Yesterday I went for a quick ski in the backcountry with a friend. At least, that was our intent. About three in the afternoon we found ourselves skiing through old growth forest as the snow increased in intensity. When we left the car a few minutes earlier I briefly picked up my pack and then decided to leave it, thinking that we’d be gone for 90 minutes or so. In the pack were headlamp, extra food and water, extra warm layers, and a first aid kit complete with heat packs. Instead, I tied a nylon shell around my waist and stepped into my ski bindings. Two hours later I wished I had taken it.
At a trail junction we made a map reading mistake, and found ourselves 6 miles out when dark fell. My friend and I realized the seriousness of our situation immediately, and stopped to think through our situation and strategize. Our resources included a quart of Gatorade, two energy bars, and the clothes on our backs. We decided to backtrack-but to keep our pace moderate and steady so as not to burn up our remaining energy. With the darkness came colder temps. We were already wet from skiing three hours in the snow storm, and began to feel chilled. On top of this, we had been stalked by a mountain lion earlier. While it was still light I heard a rustling in the trees above us as we skied, and then saw the shape of the cat jumping onto the trail ahead of us. Later we saw blood trails where it had attacked a deer. Knowing that mountain lions are more active after dark, we looked over our shoulders constantly as we skied.
I noticed my thoughts going in several directions as I shuffled through the snow. In my head I reviewed the stages of hypothermia. I calculated where we hoped to be in 30 minutes, prayed, assessed and reassed our situation, and argued against my rising fear. I listened to the messages from various parts of my body and weighed them against the demands of cold, exhaustion and darkness. I thanked God over and over for my commitment to telemark skiing this season, and the strength I still felt in my legs.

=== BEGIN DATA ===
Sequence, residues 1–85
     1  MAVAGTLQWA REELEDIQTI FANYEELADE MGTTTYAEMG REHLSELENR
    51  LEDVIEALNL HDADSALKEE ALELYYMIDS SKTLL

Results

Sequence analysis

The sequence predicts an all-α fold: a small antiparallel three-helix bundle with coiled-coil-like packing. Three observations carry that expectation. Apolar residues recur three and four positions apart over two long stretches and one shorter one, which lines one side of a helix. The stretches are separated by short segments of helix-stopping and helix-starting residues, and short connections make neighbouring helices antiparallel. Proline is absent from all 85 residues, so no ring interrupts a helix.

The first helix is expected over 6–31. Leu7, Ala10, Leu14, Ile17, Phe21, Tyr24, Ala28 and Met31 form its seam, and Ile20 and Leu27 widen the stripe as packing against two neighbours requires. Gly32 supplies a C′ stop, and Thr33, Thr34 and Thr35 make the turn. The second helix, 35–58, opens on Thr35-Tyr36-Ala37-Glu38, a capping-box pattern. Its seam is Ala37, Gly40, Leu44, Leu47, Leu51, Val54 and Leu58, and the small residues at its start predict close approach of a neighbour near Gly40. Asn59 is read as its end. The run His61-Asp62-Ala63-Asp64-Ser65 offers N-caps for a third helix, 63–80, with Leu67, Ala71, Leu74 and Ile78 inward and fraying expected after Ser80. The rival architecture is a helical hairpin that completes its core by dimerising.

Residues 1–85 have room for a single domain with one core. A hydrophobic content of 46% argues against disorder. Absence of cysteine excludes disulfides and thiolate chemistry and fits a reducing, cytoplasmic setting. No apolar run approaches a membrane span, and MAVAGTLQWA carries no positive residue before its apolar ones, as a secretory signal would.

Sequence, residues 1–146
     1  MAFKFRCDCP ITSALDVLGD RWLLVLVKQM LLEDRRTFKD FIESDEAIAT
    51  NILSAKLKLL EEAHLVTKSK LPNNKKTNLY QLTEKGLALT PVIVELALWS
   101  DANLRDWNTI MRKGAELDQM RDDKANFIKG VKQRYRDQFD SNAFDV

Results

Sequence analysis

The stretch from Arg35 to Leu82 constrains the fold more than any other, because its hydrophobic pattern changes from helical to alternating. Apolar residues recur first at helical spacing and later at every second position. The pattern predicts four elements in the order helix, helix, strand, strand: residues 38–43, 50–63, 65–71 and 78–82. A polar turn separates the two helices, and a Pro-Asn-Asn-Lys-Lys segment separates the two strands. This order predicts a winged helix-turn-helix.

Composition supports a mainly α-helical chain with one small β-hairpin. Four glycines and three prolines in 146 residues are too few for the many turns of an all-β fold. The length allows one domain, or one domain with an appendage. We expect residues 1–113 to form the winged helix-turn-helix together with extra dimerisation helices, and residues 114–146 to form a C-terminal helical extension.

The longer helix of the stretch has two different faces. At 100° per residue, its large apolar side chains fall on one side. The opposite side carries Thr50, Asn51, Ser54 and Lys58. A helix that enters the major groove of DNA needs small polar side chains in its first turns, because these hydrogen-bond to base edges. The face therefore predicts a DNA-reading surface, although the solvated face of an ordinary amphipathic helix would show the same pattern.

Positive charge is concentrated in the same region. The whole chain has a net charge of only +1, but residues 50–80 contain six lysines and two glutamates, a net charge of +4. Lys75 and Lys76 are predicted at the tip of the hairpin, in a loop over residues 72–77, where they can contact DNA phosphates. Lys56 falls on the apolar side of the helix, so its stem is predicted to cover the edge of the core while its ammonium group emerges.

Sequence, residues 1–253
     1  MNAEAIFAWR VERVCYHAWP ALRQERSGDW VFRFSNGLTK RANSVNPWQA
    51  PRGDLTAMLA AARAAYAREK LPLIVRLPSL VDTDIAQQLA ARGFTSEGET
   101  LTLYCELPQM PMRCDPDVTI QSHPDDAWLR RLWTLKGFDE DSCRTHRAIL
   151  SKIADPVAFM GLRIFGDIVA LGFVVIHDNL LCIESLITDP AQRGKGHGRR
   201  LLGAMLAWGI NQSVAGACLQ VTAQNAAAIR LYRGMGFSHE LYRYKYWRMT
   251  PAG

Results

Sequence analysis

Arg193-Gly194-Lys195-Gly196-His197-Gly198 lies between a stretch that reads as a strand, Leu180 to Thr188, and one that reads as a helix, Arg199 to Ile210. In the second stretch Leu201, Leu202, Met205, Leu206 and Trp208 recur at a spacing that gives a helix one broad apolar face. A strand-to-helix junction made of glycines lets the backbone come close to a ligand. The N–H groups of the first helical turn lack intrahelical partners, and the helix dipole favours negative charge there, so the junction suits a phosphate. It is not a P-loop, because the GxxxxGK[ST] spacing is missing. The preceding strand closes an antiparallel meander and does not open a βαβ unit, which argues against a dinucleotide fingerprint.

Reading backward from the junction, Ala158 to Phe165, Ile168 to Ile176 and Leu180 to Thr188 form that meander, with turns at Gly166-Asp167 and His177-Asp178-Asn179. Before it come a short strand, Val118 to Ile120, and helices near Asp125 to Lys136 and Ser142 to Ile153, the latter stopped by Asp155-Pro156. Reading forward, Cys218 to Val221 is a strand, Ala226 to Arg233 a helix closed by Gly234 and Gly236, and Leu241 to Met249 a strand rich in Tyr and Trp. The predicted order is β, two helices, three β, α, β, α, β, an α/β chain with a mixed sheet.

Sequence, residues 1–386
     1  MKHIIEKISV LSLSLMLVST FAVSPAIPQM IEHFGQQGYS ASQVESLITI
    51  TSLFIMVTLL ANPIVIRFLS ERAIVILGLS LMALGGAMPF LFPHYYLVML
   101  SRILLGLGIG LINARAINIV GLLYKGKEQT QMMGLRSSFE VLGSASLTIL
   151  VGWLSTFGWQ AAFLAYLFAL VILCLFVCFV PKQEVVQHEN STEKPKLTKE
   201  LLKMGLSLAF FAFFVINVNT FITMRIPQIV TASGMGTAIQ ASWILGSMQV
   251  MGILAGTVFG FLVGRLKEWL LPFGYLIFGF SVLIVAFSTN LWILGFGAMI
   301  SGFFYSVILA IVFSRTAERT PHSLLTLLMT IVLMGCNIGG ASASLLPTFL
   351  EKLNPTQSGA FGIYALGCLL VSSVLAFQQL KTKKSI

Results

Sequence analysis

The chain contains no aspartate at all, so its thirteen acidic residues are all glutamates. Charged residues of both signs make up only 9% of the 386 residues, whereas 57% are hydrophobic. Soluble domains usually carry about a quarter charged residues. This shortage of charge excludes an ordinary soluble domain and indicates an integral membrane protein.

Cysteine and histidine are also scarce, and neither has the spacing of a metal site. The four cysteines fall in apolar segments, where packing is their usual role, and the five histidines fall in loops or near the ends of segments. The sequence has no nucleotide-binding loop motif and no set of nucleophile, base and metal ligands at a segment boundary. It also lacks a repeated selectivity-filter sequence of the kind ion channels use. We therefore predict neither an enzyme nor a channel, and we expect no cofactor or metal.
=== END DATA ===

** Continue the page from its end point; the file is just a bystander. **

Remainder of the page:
When we got back into the trail complex we stopped to eat the last of our food and drink the last swallows of Gatorade. Up until this point I believe we had faced our situation with our combined skill and experience, and I think we had been smart in our response. However, the reality we faced was that, though we bought ourselves time and had stayed in control, we were out of resources. My extremities were very cold and it was now very dark. We were soon to be faced with decisions at numerous trail junctions while our mental status began to deteriorate as hypothermia gained ground. As I skied I began to feel an overwhelming urge to sit down and rest. Though my mind told me this was a classic danger signal, the warning seemed to come from a great distance. I was starting to stumble on my skis and was crossing the line to resignation when we saw the lights of a snowmobile coming up the trail.
We were taken 3 miles down hill to a warming hut where we were fed cups of hot chocolate while sitting by a wood stove. It was 7:30 in the evening. After I got home, it took heating pads and warm fluids until 10 pm to rewarm my core. In hindsight, when the snowmobile found us, I think I had only 30-60 minutes before I would have given in to hypothermia. Afterward, when my friend and I debriefed, we were both satisfied that we adapted and responded as well as we possible. Even so, looking through the lens of decades of mountain travel and over 10 years of guiding experience, it was obvious that our best effort would not have been enough-we needed a break.
Last night I slept 12 hours. I woke up many times thinking, “God was merciful to me…” When it comes down to it, an experience like this underscores my fragileness and smallness. It’s so easy to become self-sufficient in our own attitudes, and this masks our 100% need for God. Tonight my family and I are so deeply grateful:
Psalms 121:3, 4 “He will not let your foot slip-he who watches over you will not slumber; indeed, he who watches over Israel will neither slumber nor sleep”